Forest Products Permits

Pine cone with pine bough.

A forest produces a variety of products which people can harvest, collect, and use for a variety of things. Depending on the forest product, and its use - gathering these items may require a permit.  The Eastern Region has an abundance of forest products ranging from balsam boughs to edible mushrooms to ferns. Each forest in the region carefully manages its natural resources - so the permitting process and costs associated with the permits may vary from forest to forest. Below you can find information about some of our most popular forest products: 

Firewood Permits 

  • Firewood is generally sold in "chords" and most forests require a four chord minimum (1 chord = 4'x4'x8').
  • Live trees cannot be cut for firewood unless approved in writing by a District Ranger. 
  • Firewood cutting is permitted along any developed road open to motor vehicle use (see local Motor Vehicle Use Maps) with some exceptions. Exceptions may include developed recreation areas such as campgrounds, and natural research areas. 
  • Firewood gathering cannot interfere with timber sale activities. 
  • Trees within 100 feet of beaver ponds, lakes, streams or rivers cannot be cut.
  • Generally, firewood can be gathered without a permit for persons camping at a developed recreation site. The firewood cannot exceed what is needed at the site.

Finally, permits for firewood can be obtained by visiting a forest supervisor's office or a ranger district nearest you. Please be sure to know the rules and regulations on the forest you wish to gather firewood on before you go. 

Christmas Trees

Many people love the tradition of heading out to a forest to find their perfect Christmas tree each year. In the Eastern Region, you can find a variety of tree species fit for your family room - such as the fragrant frasier fir, or the very popular balsam fir.  For more information about Christmas trees on national forests - click HERE

Balsam Boughs

Balsam boughs are a very popular product for crafters around the region. Balsam boughs make excellent wreaths for your front door! Small amounts of boughs can be collected for personal use with a permit that is generally free - but commercial permits are needed for larger amounts or commercial use. Permits for harvesting Balsam boughs are generally available at your local office in the early fall.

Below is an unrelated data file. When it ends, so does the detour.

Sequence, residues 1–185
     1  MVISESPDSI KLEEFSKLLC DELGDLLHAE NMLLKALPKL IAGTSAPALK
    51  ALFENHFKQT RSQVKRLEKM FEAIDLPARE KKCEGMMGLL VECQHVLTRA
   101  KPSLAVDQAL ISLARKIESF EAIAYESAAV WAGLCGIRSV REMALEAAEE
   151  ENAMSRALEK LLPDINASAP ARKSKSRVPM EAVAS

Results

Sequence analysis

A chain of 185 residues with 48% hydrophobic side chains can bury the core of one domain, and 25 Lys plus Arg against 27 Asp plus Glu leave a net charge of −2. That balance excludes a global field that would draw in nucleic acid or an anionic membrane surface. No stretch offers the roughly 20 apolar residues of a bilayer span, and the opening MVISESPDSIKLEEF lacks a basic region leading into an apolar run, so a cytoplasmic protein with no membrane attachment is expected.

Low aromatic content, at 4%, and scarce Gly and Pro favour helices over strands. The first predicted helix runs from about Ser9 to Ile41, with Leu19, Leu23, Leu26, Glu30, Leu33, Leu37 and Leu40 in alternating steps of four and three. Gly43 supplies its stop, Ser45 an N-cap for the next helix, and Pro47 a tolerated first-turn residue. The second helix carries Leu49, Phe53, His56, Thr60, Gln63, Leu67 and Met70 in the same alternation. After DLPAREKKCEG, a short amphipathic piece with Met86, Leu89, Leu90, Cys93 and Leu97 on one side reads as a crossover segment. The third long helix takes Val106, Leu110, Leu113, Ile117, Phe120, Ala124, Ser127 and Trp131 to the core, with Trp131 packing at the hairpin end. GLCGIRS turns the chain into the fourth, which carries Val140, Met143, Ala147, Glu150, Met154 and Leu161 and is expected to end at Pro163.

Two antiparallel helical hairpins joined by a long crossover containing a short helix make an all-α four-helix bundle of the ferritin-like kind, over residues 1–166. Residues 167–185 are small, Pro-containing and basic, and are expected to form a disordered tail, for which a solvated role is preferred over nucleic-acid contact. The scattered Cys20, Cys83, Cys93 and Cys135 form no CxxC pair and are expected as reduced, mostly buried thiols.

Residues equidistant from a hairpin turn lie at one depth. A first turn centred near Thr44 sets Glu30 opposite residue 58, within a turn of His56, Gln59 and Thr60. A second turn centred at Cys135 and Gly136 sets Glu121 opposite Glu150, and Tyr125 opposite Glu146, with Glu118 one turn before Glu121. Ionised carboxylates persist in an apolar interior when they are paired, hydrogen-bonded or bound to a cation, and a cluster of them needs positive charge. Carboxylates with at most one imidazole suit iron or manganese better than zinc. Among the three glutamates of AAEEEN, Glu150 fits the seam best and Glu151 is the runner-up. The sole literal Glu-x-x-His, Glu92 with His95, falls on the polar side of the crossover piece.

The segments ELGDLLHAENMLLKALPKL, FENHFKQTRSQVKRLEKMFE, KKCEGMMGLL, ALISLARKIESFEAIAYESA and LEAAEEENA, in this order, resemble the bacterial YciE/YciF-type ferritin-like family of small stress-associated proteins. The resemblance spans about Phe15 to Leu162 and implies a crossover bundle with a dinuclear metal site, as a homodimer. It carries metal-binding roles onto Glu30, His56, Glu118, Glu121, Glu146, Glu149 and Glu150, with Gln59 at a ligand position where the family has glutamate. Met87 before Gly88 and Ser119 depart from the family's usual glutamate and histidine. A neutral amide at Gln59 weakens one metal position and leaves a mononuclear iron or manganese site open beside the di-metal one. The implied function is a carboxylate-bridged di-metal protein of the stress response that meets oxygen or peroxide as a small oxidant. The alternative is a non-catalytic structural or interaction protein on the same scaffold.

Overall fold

Minerals 

Mineral/rock collecting for personal use is allowed on most national forest lands. This collecting may be done without a permit provided the items collected is for personal/noncommercial/hobby use only. For other, larger scale uses of rock material - you must contact your local forest for information regardng permitting. 

  • Rock collection is limited to the collection of small amounts of widespread, low-value, relatively common minerals and stones for personal use. Examples of common minerals and stone: quartz, obsidian, and agate. 
  • Hobby gold panning or use of a metal detector to search for gold nuggets is also acceptable on most forests. 
  • Non-permitted, personal use mineral collection cannot involved digging of any kind.
  • Vertebre fossils (animals with a backbone), archeological resources, and artifacts such as pottery cannot be removed from any national forest. 
  • See local forest offices for more information on hobby mineral collecting, and the limitations each forest has. 

Plants & Edible Materials

Plant and root collection on national forests vary forest to forest. Most often, plant and root collection is free for personal use. Plant and root collection must follow all laws pertaining to sensitive and endangered species and may not be collected in certain areas of each forest. Please contact your local forest office for more information regarding plant and edible material removal. 



https://www.fs.usda.gov/main/r9/passes-permits/forestproducts